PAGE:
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Foxconn's Terry Gou Confirms that Apple and Amazon are backing Foxconn's bid for Toshiba's Memory Chip Business



Foxconn's Chairman Terry Gou stated yesterday that his company has financial support from Apple and Amazon in its bid for the memory chip unit of embattled Japanese conglomerate Toshiba. According to sources, Hon Hai is the highest bidder among five interested buyers, supposedly offering more than US$18.2 billion. Originally Foxconn was making a joint bid with TSMC. Now with Apple's participation in the bid, it's clear that Apple want's to drop Samsung for more components in the future. A successful bid would also improve Apple's already industry leading profit margins.


Gou at a hotel in Osaka told the Nikkei in an exclusive report that "Of course Apple and Amazon are offering money together, but I cannot comment on how much funds each company is putting on the table." Hours earlier on Saturday night, Gou told the Nikkei Asian Review in a separate interview that he has secured support from Apple and Amazon on the Toshiba deal.


While there had been speculation that Apple and Amazon may be interested in Toshiba's semiconductor business, Gou's comments Sunday were the first official confirmation that the two companies were participating in a bid.


More than half of Foxconn's revenue comes from supplying components and assembling gadgets for Apple, while the company manufactures Kindle e-readers and Echo speakers for Amazon. In April Patently Apple posted a report on this titled "Foxconn to open a new Production Facility for Amazon Products and Beef up Echo Lines by Year End."


Toshiba's NAND flash memory chip is a component for storing data used in a wide range of electronics, including smartphones, servers and PCs. The Japanese firm is a major supplier for Apple's iPhones. Meanwhile, Amazon needs NAND flash memory chips in the servers it uses in its data centers to provide cloud computing services for itself and external customers.


Apple and Amazon's interest in memory chips could significantly alter a sector currently dominated by Samsung Electronics, a major rival to Apple in the global smartphone market.


In the first quarter of 2017, Samsung generated $4.21 billion from its NAND flash business and enjoyed a 35.4% global market share, according to Taipei-based research firm TrendForce. Western Digital (17.9%) and Toshiba (16.5%) trailed the South Korean firm, while Micron and SK Hynix followed behind with respective market shares of 11.9% and 11%.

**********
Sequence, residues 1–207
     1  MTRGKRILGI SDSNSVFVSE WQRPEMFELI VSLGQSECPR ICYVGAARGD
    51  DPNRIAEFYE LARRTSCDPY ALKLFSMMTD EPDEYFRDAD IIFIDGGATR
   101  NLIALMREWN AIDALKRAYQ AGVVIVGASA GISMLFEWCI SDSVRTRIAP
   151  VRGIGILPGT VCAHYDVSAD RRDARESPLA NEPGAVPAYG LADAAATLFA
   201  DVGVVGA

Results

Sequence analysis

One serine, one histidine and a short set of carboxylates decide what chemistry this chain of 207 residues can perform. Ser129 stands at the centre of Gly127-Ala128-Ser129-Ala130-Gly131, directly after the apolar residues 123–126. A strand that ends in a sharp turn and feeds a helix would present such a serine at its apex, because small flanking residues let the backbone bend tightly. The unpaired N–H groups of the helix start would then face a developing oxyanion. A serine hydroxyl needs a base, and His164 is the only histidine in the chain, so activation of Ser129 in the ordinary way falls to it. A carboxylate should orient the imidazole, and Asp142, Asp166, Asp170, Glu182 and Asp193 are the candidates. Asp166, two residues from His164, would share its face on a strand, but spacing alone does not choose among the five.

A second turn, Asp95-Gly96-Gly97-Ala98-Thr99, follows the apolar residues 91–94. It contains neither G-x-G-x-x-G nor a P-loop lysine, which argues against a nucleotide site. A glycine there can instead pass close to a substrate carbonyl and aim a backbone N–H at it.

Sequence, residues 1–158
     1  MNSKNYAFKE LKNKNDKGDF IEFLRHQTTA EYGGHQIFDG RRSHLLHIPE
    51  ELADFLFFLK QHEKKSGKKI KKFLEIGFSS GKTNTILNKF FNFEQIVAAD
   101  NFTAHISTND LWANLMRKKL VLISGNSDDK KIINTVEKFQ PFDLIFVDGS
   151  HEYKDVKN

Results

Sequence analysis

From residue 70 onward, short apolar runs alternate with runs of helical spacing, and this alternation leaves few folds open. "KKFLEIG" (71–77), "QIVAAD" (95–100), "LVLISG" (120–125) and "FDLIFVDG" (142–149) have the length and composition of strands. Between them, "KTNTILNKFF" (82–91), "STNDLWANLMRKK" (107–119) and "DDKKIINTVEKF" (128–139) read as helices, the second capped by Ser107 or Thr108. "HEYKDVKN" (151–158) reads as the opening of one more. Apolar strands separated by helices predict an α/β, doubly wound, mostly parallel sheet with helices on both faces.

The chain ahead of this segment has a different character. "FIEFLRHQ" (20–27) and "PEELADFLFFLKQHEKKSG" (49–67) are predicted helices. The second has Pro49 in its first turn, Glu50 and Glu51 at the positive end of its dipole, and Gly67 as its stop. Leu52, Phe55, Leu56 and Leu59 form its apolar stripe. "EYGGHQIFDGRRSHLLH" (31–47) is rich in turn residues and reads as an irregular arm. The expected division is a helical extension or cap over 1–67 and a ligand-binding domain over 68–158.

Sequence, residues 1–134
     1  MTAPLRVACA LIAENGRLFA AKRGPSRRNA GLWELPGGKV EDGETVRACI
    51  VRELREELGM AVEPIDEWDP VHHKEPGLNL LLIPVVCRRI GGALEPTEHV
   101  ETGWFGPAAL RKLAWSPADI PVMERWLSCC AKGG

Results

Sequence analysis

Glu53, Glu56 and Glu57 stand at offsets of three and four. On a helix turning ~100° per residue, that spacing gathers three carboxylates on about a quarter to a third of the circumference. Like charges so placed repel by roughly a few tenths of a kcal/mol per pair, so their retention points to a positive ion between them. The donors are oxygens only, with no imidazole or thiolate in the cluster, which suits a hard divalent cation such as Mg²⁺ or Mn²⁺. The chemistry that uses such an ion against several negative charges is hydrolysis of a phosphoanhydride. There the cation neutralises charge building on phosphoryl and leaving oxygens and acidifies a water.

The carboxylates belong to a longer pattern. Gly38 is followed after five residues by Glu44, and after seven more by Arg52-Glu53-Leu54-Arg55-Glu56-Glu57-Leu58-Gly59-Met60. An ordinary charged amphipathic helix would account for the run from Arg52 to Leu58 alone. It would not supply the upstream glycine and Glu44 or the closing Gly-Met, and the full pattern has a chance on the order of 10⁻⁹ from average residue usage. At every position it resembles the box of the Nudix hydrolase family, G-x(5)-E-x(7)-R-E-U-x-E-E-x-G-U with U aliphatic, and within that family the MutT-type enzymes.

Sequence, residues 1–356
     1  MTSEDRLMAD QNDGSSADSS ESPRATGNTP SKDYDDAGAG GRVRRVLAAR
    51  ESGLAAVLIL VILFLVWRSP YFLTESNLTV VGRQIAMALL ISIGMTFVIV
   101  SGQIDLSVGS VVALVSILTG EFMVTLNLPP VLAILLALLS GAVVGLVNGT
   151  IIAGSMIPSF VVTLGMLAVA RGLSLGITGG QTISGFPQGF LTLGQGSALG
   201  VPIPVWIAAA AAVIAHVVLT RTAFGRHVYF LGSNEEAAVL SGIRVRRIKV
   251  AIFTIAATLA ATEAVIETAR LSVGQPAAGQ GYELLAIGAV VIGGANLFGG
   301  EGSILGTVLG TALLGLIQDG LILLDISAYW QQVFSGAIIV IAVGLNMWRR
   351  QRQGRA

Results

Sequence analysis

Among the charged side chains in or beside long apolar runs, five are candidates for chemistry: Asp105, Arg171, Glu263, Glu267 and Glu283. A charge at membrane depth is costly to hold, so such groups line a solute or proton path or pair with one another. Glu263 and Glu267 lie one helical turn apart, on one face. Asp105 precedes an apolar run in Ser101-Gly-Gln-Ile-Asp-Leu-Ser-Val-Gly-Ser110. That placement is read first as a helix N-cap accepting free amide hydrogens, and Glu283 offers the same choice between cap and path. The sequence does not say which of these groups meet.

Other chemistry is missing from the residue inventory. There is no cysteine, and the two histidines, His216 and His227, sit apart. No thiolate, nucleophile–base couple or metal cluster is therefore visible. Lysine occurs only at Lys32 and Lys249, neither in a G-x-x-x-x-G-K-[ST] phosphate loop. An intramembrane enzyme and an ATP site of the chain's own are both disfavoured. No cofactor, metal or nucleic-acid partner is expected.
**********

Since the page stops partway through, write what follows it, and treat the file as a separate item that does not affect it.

Toshiba is seeking to complete the sale of its memory chip business, the only profitable unit of the Japanese conglomerate, before the current fiscal year ending in March.


Foxconn's Gou is intent on building his manufacturing empire into another Samsung following his acquisition of Sharp, an iPhone panel supplier, and his ongoing efforts to snatch Toshiba. Panels and memory chips are two of Samsung's most profitable businesses.


Last year, Foxconn agreed to acquire Nokia's feature phone business from Microsoft. Foxconn is also making Nokia brand smartphones for Finland-based HMD Global, which has licensed the Nokia brand for 10 years.


On Saturday, Gou confirmed to the Nikkei Asian Review that his company was also financially backing and manufacturing the Essential Phone, designed by Android creator Andy Rubin. Patently Apple revealed this fact back in April in a report titled "What's the Game Plan for the Ever Aggressive Foxconn?"


In the report we noted that "The "Essential" smartphone is rumored to be ready to launch prior to Apple's World Wide Developer Conference. Foxconn is backing this company and is likely to manufacture the new smartphone." The Essential 'Phone' was indeed unveiled prior to Apple's WWDC 2017 event that begins later today.


Four other bidders are vying to win Toshiba's memory unit alongside Foxconn. American chipmaker Broadcom, U.S. private equity firm Kohlberg Kravis Roberts, Toshiba's technological partner Western Digital, and South Korea's SK Hynix together with U.S. private equity firm Bain Capital have all made offers.


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